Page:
The comet known as Bernardinelli-Bernstein (or C/2014 UN271) is at least 100 kilometers in diameter. It is about a thousand times larger than a typical comet. Because of its remarkable size, astronomers initially mistook it as a dwarf planet, according to a statement announced Guilty discovery In June 2021. A careful analysis of the building, however, revealed that the so-called Oort cloud – a vast formation filled with icy rocks, is located billions of miles from Earth. The object appeared to be facing us, and even had a glowing tail or coma behind it, a clear hint of an icy comet approaching the relatively warm inner solar system.
Scientists at Cornell University in Ithaca, New York, have studied the comet in more detail and have new estimates of its path to the Sun. At the moment, Bernardinelli-Bernstein is moving in the Oort cloud at a distance of 29 times greater than the distance between the Earth and the Sun. The comet’s closest approach to our planet will occur sometime in 2031, when astronomers predict that the comet will descend by 10.97 AU (an astronomical unit roughly equal to the average distance between the Earth and the Sun) from the Sun. This will come out of Saturn’s orbit.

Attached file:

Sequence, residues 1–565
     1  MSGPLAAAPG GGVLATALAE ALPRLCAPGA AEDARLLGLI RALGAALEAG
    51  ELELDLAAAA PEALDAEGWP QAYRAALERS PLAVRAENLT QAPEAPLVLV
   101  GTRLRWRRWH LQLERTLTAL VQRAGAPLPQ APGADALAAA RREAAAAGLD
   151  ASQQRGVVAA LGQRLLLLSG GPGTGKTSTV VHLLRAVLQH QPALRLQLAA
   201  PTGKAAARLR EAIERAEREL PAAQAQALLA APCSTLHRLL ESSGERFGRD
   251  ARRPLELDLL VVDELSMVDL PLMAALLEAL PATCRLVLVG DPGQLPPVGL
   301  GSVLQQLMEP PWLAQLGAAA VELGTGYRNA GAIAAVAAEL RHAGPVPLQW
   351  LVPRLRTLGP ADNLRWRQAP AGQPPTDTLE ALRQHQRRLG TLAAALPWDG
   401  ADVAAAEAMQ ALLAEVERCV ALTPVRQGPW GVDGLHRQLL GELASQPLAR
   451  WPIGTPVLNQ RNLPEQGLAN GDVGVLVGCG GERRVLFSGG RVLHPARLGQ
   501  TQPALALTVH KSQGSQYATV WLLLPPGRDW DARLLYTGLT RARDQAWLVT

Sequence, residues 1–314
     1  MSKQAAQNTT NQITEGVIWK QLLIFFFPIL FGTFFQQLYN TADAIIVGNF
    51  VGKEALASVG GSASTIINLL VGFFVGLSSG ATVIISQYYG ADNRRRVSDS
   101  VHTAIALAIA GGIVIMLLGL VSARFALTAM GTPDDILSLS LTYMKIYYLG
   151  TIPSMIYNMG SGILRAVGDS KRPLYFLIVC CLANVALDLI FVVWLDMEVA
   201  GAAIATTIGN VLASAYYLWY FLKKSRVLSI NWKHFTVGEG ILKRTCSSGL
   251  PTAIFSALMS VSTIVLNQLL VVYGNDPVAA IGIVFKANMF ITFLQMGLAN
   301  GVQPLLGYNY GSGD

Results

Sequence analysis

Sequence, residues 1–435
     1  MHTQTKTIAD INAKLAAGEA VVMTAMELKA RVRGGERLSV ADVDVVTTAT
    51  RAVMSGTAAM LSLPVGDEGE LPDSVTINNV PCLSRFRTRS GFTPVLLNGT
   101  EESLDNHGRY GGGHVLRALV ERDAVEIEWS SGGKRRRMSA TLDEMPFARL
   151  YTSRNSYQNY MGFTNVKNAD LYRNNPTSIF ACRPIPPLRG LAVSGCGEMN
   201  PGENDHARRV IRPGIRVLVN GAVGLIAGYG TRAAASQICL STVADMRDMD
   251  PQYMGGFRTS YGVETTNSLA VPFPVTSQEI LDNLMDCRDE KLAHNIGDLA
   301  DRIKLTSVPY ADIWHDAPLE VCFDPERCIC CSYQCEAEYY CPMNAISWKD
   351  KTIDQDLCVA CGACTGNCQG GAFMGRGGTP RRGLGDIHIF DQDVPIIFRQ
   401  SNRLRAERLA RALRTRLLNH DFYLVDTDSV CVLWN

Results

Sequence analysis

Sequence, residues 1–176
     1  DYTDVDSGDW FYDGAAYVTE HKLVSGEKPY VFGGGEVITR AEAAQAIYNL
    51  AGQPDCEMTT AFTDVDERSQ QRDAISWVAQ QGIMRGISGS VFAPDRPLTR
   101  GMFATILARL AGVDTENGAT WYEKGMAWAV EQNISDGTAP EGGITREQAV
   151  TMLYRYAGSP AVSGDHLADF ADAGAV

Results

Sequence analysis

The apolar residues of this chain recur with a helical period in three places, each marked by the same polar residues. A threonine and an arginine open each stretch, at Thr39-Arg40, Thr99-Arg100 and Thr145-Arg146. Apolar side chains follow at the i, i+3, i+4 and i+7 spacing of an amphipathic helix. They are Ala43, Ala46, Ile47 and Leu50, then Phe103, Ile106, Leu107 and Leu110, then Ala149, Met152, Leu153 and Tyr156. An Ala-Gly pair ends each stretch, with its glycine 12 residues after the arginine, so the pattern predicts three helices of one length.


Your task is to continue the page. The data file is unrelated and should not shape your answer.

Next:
Because the comet would be so far from Earth, humans would not be able to see it with the naked eye. However, C/2014 UN271 approached Earth much closer than its predecessor. Based on comet trajectory modeling Study authors They calculated that it last approached 3.5 million years ago. “We conclude that BB is a ‘new’ comet in the sense that there is no evidence of a previous flight closer than 18 AU,” Write scientists. A closer look at a comet can help them better understand the chemical makeup of the early solar system, because comets from the depths of the Oort Cloud are considered relatively stable.
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